What we are seeing from a technology point of view is a lot of demand for directional drilling and well mapping because of coal seam gas reservoirs. Queensland is also interesting because they have not historically had a lot of oil and gas so this is all very new to them. There is a lot of noise, jostling, and both political and financial strategizing in the background. But from what we see, the wave of recruitment is still six months off.

As stated, coal seam and other unconventional gas plays are nascent industries in Australia. Exploration and production companies themselves are learning as they go about them. What is Hays learning through its exposure and experience in these new industries?

MU: We have to educate a lot of people. Companies are still coming to us asking for an Australian with 10 years experience in coal seam gas but they do not exist. We get a lot of requests that are somewhat ignorant of the history and development of the market from a human resources perspective. There is quite a lot of education going on about what you can find and how you can recruit from overseas. That is not something that a lot of Australian employers have had to learn before.

SW: Further to Matt’s point we have been working with our clients on how we can support them going forward and where they need to go to find skills.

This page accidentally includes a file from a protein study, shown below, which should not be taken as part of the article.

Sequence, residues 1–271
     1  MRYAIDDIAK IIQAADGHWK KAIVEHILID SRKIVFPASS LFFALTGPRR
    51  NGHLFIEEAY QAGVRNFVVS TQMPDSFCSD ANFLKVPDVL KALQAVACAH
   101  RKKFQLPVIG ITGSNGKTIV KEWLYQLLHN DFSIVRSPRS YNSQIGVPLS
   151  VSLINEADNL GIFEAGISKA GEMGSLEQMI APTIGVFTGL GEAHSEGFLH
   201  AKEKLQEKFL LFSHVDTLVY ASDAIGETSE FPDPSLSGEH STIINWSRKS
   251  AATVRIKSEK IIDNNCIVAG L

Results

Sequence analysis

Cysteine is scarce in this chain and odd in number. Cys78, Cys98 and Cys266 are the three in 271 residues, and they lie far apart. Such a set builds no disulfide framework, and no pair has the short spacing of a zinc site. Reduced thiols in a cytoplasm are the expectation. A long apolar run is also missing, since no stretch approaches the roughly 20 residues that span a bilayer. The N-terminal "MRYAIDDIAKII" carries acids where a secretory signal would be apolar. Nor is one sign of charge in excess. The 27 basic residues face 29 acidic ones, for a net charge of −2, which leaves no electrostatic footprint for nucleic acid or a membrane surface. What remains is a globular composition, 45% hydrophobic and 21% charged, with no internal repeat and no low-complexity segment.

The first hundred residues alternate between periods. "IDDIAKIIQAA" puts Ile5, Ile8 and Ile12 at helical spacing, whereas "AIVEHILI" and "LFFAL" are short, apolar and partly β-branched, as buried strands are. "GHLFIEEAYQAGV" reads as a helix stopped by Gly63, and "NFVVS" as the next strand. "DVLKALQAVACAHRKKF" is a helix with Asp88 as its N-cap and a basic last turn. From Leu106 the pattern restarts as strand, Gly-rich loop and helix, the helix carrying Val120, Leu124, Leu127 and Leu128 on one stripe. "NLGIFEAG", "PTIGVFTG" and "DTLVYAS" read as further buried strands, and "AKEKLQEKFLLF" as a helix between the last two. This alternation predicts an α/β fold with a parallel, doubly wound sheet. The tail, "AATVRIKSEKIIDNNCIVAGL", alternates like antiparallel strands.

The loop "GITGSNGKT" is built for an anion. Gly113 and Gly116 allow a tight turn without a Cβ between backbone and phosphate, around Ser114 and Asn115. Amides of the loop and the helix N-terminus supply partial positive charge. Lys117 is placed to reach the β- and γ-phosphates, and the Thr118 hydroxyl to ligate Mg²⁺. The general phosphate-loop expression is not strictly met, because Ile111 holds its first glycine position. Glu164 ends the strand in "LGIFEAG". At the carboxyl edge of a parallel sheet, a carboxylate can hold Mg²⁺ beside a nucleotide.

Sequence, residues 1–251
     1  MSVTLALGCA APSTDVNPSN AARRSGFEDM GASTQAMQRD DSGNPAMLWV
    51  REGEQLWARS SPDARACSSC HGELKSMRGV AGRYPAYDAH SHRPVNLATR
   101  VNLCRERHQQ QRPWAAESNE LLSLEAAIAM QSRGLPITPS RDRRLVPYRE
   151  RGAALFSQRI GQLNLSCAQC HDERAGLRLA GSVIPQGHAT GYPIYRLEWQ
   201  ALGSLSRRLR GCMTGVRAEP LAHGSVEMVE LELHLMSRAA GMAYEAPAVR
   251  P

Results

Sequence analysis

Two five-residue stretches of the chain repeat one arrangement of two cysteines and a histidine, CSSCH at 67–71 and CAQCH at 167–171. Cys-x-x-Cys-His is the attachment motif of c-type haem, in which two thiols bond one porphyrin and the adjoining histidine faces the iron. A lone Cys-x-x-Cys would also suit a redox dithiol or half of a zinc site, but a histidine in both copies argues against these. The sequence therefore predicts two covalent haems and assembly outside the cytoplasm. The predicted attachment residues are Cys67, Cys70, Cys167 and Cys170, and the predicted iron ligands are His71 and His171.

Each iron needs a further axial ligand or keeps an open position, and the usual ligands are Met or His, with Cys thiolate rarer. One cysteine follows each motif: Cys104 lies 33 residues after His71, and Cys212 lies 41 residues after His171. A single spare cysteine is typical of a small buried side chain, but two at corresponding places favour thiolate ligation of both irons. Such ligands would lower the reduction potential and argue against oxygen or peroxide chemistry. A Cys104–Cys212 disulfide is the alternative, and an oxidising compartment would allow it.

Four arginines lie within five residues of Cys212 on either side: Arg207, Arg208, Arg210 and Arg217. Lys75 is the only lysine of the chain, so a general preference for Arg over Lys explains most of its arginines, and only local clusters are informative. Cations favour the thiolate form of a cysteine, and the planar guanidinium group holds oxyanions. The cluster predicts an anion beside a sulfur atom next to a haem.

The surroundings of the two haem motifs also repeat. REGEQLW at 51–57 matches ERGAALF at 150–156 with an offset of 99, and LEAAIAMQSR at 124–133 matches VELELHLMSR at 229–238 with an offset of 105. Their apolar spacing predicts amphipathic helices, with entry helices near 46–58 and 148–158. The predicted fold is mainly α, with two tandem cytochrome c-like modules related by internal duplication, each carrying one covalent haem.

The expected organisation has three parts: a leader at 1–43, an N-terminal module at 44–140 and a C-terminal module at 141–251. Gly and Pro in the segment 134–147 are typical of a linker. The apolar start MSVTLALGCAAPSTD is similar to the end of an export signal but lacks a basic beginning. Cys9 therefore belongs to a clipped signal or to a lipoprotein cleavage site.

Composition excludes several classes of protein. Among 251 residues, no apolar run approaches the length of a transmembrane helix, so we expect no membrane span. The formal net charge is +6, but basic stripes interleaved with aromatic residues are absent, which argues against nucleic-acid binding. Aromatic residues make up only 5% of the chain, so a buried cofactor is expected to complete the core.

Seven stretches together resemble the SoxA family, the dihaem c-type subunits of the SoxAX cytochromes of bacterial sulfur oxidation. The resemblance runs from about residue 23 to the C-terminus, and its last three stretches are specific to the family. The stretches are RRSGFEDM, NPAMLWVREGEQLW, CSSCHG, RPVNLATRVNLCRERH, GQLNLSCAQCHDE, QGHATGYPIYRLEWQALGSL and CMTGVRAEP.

From an internal Hays point of view we are being very strategic in benchmarking certain skills and candidates. We are proactive in developing databases for those types of individuals.

MU: The majority of the work we do at Hays is on a contingent basis; we do not get paid until someone gets placed. It is a very reactive industry but we are in a lucky position where we can do a lot of proactive work. Half of the process of our surveys is to understand where the market is. We released a survey at the start of 2010 on salaries and industry trends which generated 7,000 responses.

A critical point we found was the number of oil and gas industry workers who are Australasian residents and how many are overseas foreign employees. From that survey we know that approximately 60% are homegrown and 40% have come from outside of Australia. Another chart in our survey shows where Australian oil and gas professionals are working in the world. About 50% are working overseas. There is therefore a huge Australian population working overseas that we can pull back in. We look at that data and know where the talent pool is and where they are working. Because we have offices around the world we have the ability to go into international talent pools to access them. Increasingly we are doing more of that type of campaign work.

While you can attract workers from abroad to come to Australia, the issue of immigration and visa standards immediately arises. Does Hays liaise with the government concerning immigration?